Sandra Lahire

Sandra Lahire was born in 1950. She studied Philosophy at the University of Newcastle-on-Tyne (BA), Fine Art Film at St Martins School of Art (BA 1984) and Film & Environmental Media at the Royal College of Art (MA 1986).

In her beautifully crafted films, fragments of dazzling violence were cut and stitched together to produce a dreamscape of images that bombarded the senses, carrying the spectator in and out of bodies, across time and space, into haunted and haunting worlds. In the tradition of Frida Kahlo and Leonor Fini, who were two of her favourite painters, and Sylvia Plath, the poet who inspired her last films, Lahire created a filmic world of almost surreal intensity. Her work, central to the post-1970s movement of independent cinema, also seems certain to take up its place as part of this earlier tradition of painting and writing to which she gave new life.

Her films have been shown nationally and internationally at cinemas and festivals including Creteil, Locarno, Berlin, Montreal, Sao Paolo, Turin, Jerusalem, Australia and the Philippines. Writings include Lesbians in Media Education published in Visibly Female (ed Hilary Robinson, Camden Press 1987) and articles for Undercut. She also wrote a musical score for Lis Rhodes’ film Just About Now.

She passed away in 2001.

Arrows (1984, 15 minutes, DCP) 

Arrows uses a combination of live action and rostrum work to communicate the experience of anorexia and to analyse the cultural causes of the condition. 'I am so aware of my body', we are told on the soundtrack, whilst images of caged wild birds are intercut with images of the rib cage of the film's subject, the filmmaker herself. Taking the camera into her own hands, and revealing this process to the spectator by using a mirror, the filmmaker shows herself in control of this representation of a woman's body. The film ends with Sylvia Plath’s poem The Thin People which speaks of people who starve themselves, and people who are actually deprived, locating the condition of anorexia firmly in western patriarchal culture.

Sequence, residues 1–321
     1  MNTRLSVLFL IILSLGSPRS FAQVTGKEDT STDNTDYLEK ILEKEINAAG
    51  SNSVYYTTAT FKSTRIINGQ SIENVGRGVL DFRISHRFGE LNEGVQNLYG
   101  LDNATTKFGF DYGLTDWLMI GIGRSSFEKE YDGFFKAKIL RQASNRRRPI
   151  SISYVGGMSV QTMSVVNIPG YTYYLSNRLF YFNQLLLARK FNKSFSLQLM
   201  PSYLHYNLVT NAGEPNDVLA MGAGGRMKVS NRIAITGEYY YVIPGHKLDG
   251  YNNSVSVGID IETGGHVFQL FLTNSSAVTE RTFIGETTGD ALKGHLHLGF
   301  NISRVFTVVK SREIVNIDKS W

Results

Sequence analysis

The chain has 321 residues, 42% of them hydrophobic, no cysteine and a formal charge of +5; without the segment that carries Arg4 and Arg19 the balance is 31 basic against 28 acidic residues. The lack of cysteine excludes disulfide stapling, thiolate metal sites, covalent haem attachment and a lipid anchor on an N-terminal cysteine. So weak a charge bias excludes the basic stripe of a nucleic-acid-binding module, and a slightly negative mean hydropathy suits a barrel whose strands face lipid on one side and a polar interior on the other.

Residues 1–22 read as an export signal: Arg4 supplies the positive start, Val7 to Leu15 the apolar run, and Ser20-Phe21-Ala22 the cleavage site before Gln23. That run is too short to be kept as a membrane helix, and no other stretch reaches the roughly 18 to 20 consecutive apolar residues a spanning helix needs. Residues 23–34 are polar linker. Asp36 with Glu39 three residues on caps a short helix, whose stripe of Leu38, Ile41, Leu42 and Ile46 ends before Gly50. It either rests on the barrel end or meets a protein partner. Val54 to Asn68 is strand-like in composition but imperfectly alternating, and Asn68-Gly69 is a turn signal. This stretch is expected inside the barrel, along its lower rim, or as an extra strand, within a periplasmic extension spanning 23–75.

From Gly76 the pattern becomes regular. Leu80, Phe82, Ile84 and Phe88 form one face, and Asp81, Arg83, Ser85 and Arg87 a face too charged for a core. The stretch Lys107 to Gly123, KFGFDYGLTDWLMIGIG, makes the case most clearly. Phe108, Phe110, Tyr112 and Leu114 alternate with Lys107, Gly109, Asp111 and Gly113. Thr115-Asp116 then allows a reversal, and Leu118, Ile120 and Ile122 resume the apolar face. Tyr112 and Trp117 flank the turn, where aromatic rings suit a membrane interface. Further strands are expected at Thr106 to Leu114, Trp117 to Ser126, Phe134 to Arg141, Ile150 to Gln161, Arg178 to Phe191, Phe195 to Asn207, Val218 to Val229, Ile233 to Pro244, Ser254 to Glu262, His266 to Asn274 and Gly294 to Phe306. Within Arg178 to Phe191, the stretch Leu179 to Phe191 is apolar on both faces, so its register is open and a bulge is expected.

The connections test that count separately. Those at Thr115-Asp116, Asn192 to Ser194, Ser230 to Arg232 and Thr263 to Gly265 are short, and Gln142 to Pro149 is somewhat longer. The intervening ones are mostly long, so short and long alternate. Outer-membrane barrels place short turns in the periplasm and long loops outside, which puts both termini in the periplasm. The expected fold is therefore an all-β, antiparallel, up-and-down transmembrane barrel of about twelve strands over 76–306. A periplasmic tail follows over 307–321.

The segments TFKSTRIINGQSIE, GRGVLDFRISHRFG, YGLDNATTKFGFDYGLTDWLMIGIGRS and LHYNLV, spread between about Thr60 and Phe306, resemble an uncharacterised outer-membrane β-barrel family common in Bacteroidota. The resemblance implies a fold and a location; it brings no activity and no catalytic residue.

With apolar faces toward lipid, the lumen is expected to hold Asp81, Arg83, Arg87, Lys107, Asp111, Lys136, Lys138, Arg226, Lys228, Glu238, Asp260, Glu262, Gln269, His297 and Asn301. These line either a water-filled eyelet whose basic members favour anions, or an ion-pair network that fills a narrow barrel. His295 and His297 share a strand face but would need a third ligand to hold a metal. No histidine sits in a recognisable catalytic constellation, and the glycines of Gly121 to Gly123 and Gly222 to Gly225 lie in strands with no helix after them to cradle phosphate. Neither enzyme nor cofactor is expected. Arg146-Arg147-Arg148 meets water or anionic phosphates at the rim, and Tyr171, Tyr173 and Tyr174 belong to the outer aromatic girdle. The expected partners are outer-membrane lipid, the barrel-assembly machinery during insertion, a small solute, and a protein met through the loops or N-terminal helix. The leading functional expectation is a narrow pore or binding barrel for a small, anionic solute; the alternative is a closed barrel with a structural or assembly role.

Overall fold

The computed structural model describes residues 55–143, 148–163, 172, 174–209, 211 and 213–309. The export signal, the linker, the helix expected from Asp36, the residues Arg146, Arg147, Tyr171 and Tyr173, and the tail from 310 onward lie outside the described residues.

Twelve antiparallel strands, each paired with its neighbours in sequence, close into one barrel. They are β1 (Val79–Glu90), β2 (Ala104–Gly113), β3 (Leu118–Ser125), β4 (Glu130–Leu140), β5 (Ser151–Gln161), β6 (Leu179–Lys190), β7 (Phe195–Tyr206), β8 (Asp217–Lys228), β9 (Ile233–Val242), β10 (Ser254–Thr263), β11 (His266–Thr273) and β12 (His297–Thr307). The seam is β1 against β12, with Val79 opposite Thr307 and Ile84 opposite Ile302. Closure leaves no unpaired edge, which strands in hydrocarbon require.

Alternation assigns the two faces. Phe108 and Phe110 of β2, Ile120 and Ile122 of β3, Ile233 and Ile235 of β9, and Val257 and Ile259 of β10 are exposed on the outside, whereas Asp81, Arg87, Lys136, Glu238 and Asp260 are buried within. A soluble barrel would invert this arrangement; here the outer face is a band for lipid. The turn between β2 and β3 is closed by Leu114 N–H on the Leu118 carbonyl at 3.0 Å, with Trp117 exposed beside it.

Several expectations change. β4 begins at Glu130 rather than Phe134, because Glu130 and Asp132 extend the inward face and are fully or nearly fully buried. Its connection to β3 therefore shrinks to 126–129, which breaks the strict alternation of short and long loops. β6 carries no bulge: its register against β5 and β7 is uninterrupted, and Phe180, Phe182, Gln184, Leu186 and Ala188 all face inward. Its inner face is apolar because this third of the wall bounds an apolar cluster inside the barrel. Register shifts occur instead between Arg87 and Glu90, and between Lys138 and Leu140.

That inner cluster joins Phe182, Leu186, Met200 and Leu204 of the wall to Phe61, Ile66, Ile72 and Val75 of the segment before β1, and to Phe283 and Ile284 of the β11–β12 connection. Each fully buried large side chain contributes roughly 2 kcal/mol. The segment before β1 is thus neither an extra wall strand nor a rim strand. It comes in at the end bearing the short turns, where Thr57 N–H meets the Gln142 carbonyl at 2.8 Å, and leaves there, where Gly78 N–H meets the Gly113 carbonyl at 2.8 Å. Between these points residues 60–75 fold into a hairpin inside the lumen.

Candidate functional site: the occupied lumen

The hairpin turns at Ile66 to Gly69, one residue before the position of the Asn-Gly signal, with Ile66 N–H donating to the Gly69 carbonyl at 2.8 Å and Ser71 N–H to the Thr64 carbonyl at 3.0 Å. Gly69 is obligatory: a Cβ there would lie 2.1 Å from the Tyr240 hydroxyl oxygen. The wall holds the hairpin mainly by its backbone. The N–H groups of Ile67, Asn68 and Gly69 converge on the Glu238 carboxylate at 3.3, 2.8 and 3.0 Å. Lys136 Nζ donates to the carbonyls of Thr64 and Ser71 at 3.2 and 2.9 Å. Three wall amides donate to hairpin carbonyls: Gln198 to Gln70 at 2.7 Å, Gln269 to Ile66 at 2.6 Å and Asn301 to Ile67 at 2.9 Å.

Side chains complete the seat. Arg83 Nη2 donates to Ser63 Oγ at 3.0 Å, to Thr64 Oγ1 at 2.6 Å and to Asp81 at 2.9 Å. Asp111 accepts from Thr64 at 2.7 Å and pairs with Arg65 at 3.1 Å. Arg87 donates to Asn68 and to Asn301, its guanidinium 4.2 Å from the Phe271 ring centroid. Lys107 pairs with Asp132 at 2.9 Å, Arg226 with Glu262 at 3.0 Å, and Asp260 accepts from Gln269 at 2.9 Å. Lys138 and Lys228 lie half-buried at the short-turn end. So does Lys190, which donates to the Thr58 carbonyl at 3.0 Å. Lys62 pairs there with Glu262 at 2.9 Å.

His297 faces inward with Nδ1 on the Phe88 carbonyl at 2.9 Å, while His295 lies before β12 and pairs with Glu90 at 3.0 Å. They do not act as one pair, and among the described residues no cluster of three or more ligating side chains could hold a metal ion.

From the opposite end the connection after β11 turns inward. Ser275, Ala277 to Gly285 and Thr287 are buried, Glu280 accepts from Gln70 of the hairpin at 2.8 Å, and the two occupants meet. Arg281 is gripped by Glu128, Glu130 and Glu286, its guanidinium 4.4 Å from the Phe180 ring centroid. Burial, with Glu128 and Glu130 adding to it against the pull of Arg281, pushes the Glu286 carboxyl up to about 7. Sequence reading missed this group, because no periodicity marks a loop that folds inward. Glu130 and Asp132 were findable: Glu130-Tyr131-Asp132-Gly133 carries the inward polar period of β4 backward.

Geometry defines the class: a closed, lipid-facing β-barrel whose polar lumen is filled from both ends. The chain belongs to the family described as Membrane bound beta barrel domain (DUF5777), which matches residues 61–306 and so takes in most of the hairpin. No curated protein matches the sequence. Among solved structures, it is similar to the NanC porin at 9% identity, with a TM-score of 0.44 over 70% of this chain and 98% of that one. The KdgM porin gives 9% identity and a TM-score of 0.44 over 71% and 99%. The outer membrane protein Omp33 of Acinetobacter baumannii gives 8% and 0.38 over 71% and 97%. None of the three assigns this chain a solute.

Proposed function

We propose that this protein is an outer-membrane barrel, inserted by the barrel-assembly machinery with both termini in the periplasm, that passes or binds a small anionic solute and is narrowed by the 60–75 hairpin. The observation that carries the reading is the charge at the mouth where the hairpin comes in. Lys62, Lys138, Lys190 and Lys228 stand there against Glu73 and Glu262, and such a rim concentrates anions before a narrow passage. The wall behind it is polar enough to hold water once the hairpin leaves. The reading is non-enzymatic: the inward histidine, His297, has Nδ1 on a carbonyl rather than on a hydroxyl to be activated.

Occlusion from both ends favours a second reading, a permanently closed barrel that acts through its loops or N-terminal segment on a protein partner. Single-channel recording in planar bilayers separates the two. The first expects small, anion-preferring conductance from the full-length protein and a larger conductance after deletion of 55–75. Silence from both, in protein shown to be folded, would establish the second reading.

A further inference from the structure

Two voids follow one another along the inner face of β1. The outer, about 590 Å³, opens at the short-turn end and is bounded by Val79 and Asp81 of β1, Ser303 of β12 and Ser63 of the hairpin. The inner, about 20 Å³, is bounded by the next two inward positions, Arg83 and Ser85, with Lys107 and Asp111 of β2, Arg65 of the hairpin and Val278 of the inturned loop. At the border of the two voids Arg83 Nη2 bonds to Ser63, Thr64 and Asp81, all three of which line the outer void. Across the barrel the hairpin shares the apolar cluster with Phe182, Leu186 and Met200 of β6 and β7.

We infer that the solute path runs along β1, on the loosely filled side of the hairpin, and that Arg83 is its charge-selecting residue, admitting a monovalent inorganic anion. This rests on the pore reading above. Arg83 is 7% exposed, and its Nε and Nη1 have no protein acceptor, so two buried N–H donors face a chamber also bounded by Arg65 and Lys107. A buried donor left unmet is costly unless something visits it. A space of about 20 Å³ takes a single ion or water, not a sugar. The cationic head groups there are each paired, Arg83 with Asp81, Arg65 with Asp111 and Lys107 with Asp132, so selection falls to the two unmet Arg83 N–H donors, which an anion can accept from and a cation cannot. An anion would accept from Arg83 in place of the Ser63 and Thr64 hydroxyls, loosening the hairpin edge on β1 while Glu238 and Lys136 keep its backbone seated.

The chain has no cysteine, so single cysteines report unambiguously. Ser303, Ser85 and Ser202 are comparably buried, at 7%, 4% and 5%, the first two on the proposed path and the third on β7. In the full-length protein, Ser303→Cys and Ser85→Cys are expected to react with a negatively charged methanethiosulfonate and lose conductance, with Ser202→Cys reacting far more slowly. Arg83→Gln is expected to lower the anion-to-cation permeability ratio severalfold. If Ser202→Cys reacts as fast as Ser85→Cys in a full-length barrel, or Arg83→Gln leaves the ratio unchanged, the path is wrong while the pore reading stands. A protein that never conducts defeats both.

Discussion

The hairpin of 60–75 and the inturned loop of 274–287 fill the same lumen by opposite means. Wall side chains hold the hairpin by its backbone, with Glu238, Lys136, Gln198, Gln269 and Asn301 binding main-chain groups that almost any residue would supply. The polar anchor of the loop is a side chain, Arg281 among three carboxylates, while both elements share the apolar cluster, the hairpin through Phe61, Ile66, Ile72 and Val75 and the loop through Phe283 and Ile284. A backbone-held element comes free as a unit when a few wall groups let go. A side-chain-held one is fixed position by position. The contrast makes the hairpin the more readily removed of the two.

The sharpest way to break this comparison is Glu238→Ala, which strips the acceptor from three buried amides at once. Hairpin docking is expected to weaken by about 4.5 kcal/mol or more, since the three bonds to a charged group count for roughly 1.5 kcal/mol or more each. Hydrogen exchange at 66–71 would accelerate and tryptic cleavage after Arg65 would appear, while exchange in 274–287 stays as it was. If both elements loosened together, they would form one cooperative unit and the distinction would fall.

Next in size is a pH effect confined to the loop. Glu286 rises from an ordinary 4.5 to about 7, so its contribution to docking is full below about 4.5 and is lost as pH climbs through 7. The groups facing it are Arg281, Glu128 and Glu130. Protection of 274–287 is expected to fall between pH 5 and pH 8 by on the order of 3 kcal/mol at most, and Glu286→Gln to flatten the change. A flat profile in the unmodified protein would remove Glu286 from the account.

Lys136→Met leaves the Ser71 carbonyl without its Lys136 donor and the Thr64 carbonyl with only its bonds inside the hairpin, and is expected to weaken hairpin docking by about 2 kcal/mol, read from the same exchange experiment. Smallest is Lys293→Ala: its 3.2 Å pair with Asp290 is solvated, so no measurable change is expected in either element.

Terminals (1986, 18 minutes, Colour, Stereo, 4:3, DCP)

Terminals is a stream-of-consciousness collage, which asks us to look at and question the dangers of technological advances and nuclear power.

“The ‘work faster’ ethic is written on the door to the terminals. Hazards to fertility or risks of cancer are not criteria in setting ‘acceptable’ levels of exposure to radiation at work. At the Visual Display Terminal, women are staring directly at a source of radiation. Bomb tests and waste disposal are the white man’s cancer imposed on the people of the Pacific.” – S.L.

Lady Lazarus (1991, 25 minutes, B&W / Colour, opt, 4:3, DCP) 

Sylvia Plath introduced her ‘Lady Lazarus’ reading by saying: “The speaker is a woman who has a great and terrible gift of being reborn. The only trouble is, she has to die first. She is the phoenix… She is also just a good plain resourceful woman.” In this film Lady Lazarus is a woman irresistibly drawn towards Plath’s voice. She becomes a medium for Sylvia, as in a seance, as the film travels between Massachusetts and Camden, on actual locations of the poet.
Lady Lazarus explores a cinematic alphabet for Plath’s own readings of her poetry and extracts from an interview given just before her death. The film provides an anchor for her macabre humour; a carousel of images in windows; an atmosphere of constant metamorphosis. – S.L.

“Lahire’s Lady Lazarus breathes life into Plath and her poetry. The poet’s ripe voice and the filmmaker’s kaleidoscope of rich images are poignantly combined in this memento mori from one rare talent to another.” – Lizzie Francke, Women Make Movies catalogue ’92.

Night Dances (1995, 15 minutes, Colour, Stereo, 4:3, DCP)

“Night Dances is for my mother, who died whilst helping me to make this piano musical. The Dance of Death is bound to life – Lechaim – as we whirl together by Hebrew gravestones. A dreaming woman is ferried through our decaying city. This is the age of the Personal Computer – the Private Catacomb for the switched-on elite. Its dark doorways are for the wandering homeless… true survivors.”
– S.L.

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